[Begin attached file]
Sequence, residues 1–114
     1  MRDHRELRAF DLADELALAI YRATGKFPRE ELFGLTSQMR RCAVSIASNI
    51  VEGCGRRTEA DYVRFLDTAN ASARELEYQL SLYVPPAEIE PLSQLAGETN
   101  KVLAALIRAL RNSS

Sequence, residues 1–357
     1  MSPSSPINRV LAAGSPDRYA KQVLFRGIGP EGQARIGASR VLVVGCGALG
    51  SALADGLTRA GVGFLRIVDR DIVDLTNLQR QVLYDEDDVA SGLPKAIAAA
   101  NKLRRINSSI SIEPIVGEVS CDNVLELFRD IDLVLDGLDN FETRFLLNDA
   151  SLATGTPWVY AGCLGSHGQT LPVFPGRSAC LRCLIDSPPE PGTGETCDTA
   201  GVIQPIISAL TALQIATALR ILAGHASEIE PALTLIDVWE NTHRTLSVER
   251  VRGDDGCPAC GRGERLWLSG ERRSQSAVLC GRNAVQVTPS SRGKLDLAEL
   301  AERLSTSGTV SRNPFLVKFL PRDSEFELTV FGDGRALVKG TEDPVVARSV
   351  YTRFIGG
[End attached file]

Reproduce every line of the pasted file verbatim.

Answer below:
Sequence, residues 1–114
     1  MRDHRELRAF DLADELALAI YRATGKFPRE ELFGLTSQMR RCAVSIASNI
    51  VEGCGRRTEA DYVRFLDTAN ASARELEYQL SLYVPPAEIE PLSQLAGETN
   101  KVLAALIRAL RNSS

Sequence, residues 1–357
     1  MSPSSPINRV LAAGSPDRYA KQVLFRGIGP EGQARIGASR VLVVGCGALG
    51  SALADGLTRA GVGFLRIVDR DIVDLTNLQR QVLYDEDDVA SGLPKAIAAA
   101  NKLRRINSSI SIEPIVGEVS CDNVLELFRD IDLVLDGLDN FETRFLLNDA
   151  SLATGTPWVY AGCLGSHGQT LPVFPGRSAC LRCLIDSPPE PGTGETCDTA
   201  GVIQPIISAL TALQIATALR ILAGHASEIE PALTLIDVWE NTHRTLSVER
   251  VRGDDGCPAC GRGERLWLSG ERRSQSAVLC GRNAVQVTPS SRGKLDLAEL
   301  AERLSTSGTV SRNPFLVKFL PRDSEFELTV FGDGRALVKG TEDPVVARSV
   351  YTRFIGG